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In order to examine to topic, it is important to how to measure economic growth and why economic growth of a country happens. Economic growth is measured by the annual percentage rate of a country’s Gross Domestic Product (GDP), which is determined by the market value of goods and services which are manufactured by the economy during a certain period of time. It is considered to be “the most fundamental indicator of an economy’s health” (The guardian, 2006)(1). For example, United Kingdom, which is a developed country, has a GDP level of 2.472 trillion dollar by 2012 (Worldbank)(2). The main reason of economic growth is the consistent growth of demand. This can be caused by an massive growth of money expenditure. This is because if the government lowered interest rates to try and make people buy more and spend less. People will go out and borrow money to buy houses and cars, which they would normally not be able to afford because their income cannot help them to pay with normal interest. This results in economic growth. However, this only can help countries to pursuit economic growth in the short run. In order to pursuit in the long run, there are number of requirement that needs to be met. Firstly, natural resources are important, especially land. If a country has many natural resources, this will give it a strong boost in the pursuit. Secondly, in a world nothing is free; it is required capital to pursuit the growth. Thirdly, the greater the level of growth, the more demand from the labour. Government need to spend more government expenditure (taxes) on education in order to help people to have more business skills, which is essential in the long run.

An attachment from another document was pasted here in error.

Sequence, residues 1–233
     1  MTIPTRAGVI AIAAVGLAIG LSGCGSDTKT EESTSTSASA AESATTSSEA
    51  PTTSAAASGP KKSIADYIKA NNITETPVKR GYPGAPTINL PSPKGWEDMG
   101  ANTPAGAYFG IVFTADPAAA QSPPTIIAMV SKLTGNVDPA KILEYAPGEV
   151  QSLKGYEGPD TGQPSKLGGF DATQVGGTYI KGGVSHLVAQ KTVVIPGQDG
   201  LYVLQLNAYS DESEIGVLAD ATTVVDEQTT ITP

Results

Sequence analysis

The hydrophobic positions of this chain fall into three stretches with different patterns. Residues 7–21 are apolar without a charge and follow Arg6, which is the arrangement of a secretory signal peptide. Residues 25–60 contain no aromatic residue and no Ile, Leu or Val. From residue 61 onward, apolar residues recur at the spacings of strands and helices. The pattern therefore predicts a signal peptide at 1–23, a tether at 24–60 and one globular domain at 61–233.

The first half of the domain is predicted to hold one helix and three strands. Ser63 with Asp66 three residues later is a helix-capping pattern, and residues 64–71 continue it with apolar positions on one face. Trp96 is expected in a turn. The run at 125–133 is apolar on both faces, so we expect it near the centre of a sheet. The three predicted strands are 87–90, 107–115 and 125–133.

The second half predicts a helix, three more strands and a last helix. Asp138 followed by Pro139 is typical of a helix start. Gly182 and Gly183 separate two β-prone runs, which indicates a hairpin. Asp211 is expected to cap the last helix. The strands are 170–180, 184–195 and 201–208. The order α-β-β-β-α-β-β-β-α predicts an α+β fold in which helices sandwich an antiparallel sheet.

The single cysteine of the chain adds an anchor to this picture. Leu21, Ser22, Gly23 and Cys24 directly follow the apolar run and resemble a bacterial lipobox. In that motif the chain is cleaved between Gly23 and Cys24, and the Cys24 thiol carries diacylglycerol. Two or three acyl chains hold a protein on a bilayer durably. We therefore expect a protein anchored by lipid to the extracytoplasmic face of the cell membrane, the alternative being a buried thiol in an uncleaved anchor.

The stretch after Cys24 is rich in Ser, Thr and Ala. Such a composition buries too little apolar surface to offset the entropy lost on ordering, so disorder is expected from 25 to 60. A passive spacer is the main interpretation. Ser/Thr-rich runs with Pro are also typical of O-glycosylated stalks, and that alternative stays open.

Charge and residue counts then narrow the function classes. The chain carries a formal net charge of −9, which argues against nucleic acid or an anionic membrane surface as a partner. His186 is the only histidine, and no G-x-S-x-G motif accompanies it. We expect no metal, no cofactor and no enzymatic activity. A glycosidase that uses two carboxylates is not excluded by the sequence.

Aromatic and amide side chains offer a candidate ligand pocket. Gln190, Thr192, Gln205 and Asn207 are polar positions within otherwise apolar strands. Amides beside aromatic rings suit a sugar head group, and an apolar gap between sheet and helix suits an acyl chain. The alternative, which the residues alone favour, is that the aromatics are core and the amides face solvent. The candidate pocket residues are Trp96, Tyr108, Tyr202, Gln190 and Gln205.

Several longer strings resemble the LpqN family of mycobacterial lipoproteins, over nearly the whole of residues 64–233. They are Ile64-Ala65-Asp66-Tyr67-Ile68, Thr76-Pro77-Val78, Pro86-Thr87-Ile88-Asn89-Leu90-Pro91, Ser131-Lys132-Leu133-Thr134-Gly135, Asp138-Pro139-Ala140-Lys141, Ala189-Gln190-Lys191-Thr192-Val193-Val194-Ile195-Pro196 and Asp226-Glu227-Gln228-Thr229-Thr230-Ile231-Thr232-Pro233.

Every issue always has two-side. Economic growth also has benefits and drawbacks. On the one hand, there are a number of advantages for pursuit economic growth. First, economic growth helps the people to increase their income. The more economic growth gets, the higher demand for labour require producing more goods and services, which means more job opportunities. Economic growth will make people want to consume more. If the rate of population growth is smaller than economic growth outstrips population growth, real income per head will be increased. This may result to a higher level of consumption of goods and services which is required to satisfy because people now have more money to spend. Consequently, higher expectations will begin to appear. Organisations will need more investment in order to improve their productivity. Investment is required to make improvements and make the obsolete disappear. The more economy grows the more investment it will attract because country with high GDP rate brings more confidence to investors. Because of the rise in demand, the level of output will be increased. In order to meet the targets, firms will need more labour workforce. Therefore, more people will be employed so people .Consequently, people are able to afford higher quality goods and service to satisfy their needs. Furthermore, the level of unemployment will be reducing due to the higher outcome manufacturer require more labour forces. Secondly, economic growth also improves better standards of living. With the increase of consumption of goods and services, society gets more money to improve standards of living. Economic growth helps government to differentiate income from the rich to the poor without losing. The money gained from taxes can be used to fight against poverty and improve services. Government can spend more money on public services such as National Health Care (NHS), education and the environment… With more money which is spent on health care service, this improves quality of life through treating diseases and life expectancy. With the increase quality of health care, people can live longer. Therefore, it is possible to produce more goods and services. Education is the most crucial determinant element of welfare. The more money is spent on education, the higher goods and services organisations can manufacture due to higher degree of workforce. Furthermore, education makes people understand the importance of preserving the environment. When people became richer, people are able to afford to take care of the environment. People are more concerned about the environment where they are living. Therefore, new regulations have been introduced by the government to ensure that people have a clean environment (for example, the Clean Air Act to prevent the Great Smog in 1952 from happening again). With the increase of real GDP, people can use more resource to limit the use of natural resources and promote renewable resources. The government can promote recycling through education. However, economy growth still has downside despite its advantages.